Because this Thursday is Thanksgiving Day in the United States, I decided to write about a favorite Thanksgiving hymn, continuing my series of posts about favorite hymns. And then I couldn’t choose just one, so today we’ll look at three of my favorites. One is a hymn of small-T thanksgiving that’s also (in my experience) most often sung this time of year, one is a capital-T Thanksgiving hymn because it is built around the image of the harvest as well as explicit gratitude, and the third is one that’s merely primarily sung at Thanksgiving, and is the sort of thing the Pilgrims (being Puritans) would certainly have endorsed (with one caveat I’ll mention below).
We’ll begin with the one I now think of as most obvious.
Now thank we all our God
With heart and hands and voices,
Who wondrous things hath done,
In whom His world rejoices;
Who from our mothers’ arms
Hath blest us on our way
With countless gifts of love,
And still is ours today.
O may this bounteous God
Through all our life be near us,
With ever joyful hearts
And blessed peace to cheer us;
And keep us in His grace,
And guide us when perplexed,
And free us from all ills
In this world and the next.
All praise and thanks to God
The Father now be given,
The Son, and Him who reigns
With them in highest heaven,
The one eternal God,
Whom earth and heaven adore;
For thus it was, is now,
And shall be evermore.
My only complaint about this hymn is that it is so short, with only three verses including the doxology; it is such a splendid hymn in every other respect that I wish it were a verse or two longer. Not that this is something we can blame hymnal editors, or Catherine Winkworth (the translator of this and so many other German chorales, to whom we owe a great debt), as it’s in three verses in the original.
Like with most great hymns, there’s so much good here that I scarcely know where to begin. I like Winkworth’s phrasing of the expansiveness of God’s provision: “from our mothers’ arms Hath blest us …” And I like the way it subtly makes the point, at the end of that stanza, that God himself is an even greater blessing than everything he has given us.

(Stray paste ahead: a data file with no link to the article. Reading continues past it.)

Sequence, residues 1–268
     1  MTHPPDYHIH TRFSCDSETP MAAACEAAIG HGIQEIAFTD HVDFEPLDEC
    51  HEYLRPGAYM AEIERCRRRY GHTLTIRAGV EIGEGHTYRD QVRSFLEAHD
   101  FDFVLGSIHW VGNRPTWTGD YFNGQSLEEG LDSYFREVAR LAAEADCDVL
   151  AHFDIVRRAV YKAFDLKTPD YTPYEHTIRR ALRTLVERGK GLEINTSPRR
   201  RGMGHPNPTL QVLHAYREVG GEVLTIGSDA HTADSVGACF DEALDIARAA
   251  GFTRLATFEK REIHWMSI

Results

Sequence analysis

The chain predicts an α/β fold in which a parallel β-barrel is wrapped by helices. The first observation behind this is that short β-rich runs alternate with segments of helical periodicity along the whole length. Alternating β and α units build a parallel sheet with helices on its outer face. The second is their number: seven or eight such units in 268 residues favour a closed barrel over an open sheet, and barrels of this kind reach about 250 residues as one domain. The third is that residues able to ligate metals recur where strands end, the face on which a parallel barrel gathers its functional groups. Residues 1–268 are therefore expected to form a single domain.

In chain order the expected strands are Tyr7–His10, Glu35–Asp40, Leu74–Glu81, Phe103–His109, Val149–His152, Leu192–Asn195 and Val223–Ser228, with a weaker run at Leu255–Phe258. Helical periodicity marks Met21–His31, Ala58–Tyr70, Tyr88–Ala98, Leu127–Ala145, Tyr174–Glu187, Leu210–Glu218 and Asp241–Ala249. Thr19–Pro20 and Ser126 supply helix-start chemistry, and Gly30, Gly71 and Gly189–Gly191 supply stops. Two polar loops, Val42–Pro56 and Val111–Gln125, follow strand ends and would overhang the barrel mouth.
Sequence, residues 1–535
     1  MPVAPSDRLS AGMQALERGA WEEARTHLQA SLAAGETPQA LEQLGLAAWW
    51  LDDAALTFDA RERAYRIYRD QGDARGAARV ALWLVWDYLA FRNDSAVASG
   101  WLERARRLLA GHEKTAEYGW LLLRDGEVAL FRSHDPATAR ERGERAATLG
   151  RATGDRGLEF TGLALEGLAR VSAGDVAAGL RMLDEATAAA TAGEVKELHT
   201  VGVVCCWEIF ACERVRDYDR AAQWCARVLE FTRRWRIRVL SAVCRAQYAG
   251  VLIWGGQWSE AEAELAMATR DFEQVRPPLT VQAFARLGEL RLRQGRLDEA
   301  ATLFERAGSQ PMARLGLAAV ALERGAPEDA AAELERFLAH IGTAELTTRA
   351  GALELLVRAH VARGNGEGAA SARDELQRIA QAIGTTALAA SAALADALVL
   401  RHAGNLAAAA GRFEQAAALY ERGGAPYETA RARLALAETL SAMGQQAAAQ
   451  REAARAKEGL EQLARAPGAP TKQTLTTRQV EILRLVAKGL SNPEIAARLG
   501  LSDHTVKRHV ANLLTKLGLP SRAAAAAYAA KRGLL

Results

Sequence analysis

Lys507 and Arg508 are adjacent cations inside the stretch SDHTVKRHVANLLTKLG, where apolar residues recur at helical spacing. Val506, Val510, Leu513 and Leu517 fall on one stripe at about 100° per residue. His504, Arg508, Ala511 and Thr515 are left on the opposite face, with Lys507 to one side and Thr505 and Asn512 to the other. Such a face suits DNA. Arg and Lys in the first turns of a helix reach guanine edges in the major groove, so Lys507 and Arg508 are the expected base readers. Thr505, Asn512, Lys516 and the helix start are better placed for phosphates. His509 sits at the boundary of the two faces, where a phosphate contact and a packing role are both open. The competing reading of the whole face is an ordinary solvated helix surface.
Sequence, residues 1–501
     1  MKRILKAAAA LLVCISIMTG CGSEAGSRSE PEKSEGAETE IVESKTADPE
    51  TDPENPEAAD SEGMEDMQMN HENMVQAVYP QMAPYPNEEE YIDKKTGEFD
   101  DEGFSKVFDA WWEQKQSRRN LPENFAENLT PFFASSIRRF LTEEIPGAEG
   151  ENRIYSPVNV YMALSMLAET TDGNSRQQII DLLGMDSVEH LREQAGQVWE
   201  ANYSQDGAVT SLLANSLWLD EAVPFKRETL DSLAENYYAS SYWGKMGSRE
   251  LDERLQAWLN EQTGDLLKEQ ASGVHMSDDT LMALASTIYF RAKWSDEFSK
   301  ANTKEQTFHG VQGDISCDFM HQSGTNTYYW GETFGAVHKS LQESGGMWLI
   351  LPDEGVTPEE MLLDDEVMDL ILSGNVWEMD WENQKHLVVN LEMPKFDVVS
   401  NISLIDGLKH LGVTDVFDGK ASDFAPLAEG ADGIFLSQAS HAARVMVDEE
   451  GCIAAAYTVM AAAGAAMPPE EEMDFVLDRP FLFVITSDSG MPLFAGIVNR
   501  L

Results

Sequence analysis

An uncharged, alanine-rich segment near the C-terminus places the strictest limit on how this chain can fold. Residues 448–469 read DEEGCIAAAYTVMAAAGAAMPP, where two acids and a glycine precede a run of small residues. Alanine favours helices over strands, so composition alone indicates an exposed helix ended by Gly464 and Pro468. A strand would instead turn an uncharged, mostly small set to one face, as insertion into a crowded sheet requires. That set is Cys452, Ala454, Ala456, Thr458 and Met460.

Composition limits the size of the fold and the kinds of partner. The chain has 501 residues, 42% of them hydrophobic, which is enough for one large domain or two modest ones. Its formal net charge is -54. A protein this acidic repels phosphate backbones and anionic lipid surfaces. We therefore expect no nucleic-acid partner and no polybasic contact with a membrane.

As a poet, I find that there are a few points where Winkworth’s verse stands out to me as technically interesting. Many of the rhymes are the sort of ordinary word-pairings that come up over and over in rhyming poetry, and that I may have used myself at some point or another—”voices” and “rejoices,” “near us” and “cheer us,” “way” and “today,” for example. But in the second stanza she rhymes “perplexed” and “the next,” a choice of words that I don’t think I would ever have thought of (even with electronic rhyming dictionaries), but that fits the context perfectly. I also like how, in the doxology, she stretches the clause about the Holy Spirit out to both fill out the meter and provide a rhyme, while still making the stanza follow the traditional formula.
My experience as a poet also makes me amazed and fills me with wonder at the faith of Martin Rinkart, the author of the German text. He wrote this hymn after living through the horrors (and I use that word advisedly) and devastation of the Thirty Years’ War. If a man who has lived through a time of such suffering and want can write that God has given “countless gifts of love” from early childhood throughout all of life, what right have I to give lesser thanks for the luxurious surroundings in which I find myself? And when he prayed that God would “free us from all ills In this world and the next,” he knew what sorts of “ills” he was talking about.
As with so many of the best German chorales, the music is also part of the appeal, nearly ideally suited to the text, and embellishing it without drawing attention from the text to the music or getting in the way of the text. I particularly like how Crüger’s harmonization gives each part a few “flourishes,” trading the embellishments back and forth over the course of each verse.
Come, ye thankful people, come,
Raise the song of harvest home:
All is safely gathered in,
Ere the winter storms begin;
God, our Maker, doth provide
For our wants to be supplied;
Come to God’s own temple, come,
Raise the song of harvest home.
All the world is God’s own field,
Fruit unto his praise to yield;
Wheat and tares together sown,
Unto joy or sorrow grown;